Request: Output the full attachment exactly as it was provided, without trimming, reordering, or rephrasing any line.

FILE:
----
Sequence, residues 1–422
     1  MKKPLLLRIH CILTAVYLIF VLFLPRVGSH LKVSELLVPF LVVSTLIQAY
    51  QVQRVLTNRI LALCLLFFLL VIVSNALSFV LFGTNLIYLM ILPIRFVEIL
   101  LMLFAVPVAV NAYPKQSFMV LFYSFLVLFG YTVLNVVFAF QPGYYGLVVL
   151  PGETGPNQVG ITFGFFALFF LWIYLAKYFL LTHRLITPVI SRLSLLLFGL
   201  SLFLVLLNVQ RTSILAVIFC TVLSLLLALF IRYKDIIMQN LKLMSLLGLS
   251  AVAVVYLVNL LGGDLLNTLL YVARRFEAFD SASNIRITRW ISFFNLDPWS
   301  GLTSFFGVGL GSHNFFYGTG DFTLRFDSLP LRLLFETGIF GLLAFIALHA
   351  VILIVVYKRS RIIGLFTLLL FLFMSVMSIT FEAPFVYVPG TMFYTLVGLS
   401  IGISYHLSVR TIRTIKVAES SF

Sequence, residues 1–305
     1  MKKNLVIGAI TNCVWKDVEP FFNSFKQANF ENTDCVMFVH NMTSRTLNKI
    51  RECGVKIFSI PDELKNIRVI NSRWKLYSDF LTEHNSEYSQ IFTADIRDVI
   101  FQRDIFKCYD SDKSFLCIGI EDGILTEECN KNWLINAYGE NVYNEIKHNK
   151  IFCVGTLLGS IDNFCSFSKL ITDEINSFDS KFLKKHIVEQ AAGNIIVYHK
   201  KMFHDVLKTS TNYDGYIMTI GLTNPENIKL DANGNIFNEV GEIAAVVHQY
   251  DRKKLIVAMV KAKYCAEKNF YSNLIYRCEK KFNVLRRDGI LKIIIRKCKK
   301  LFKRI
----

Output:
Sequence, residues 1–422
     1  MKKPLLLRIH CILTAVYLIF VLFLPRVGSH LKVSELLVPF LVVSTLIQAY
    51  QVQRVLTNRI LALCLLFFLL VIVSNALSFV LFGTNLIYLM ILPIRFVEIL
   101  LMLFAVPVAV NAYPKQSFMV LFYSFLVLFG YTVLNVVFAF QPGYYGLVVL
   151  PGETGPNQVG ITFGFFALFF LWIYLAKYFL LTHRLITPVI SRLSLLLFGL
   201  SLFLVLLNVQ RTSILAVIFC TVLSLLLALF IRYKDIIMQN LKLMSLLGLS
   251  AVAVVYLVNL LGGDLLNTLL YVARRFEAFD SASNIRITRW ISFFNLDPWS
   301  GLTSFFGVGL GSHNFFYGTG DFTLRFDSLP LRLLFETGIF GLLAFIALHA
   351  VILIVVYKRS RIIGLFTLLL FLFMSVMSIT FEAPFVYVPG TMFYTLVGLS
   401  IGISYHLSVR TIRTIKVAES SF

Sequence, residues 1–305
     1  MKKNLVIGAI TNCVWKDVEP FFNSFKQANF ENTDCVMFVH NMTSRTLNKI
    51  RECGVKIFSI PDELKNIRVI NSRWKLYSDF LTEHNSEYSQ IFTADIRDVI
   101  FQRDIFKCYD SDKSFLCIGI EDGILTEECN KNWLINAYGE NVYNEIKHNK
   151  IFCVGTLLGS IDNFCSFSKL ITDEINSFDS KFLKKHIVEQ AAGNIIVYHK
   201  KMFHDVLKTS TNYDGYIMTI GLTNPENIKL DANGNIFNEV GEIAAVVHQY
   251  DRKKLIVAMV KAKYCAEKNF YSNLIYRCEK KFNVLRRDGI LKIIIRKCKK
   301  LFKRI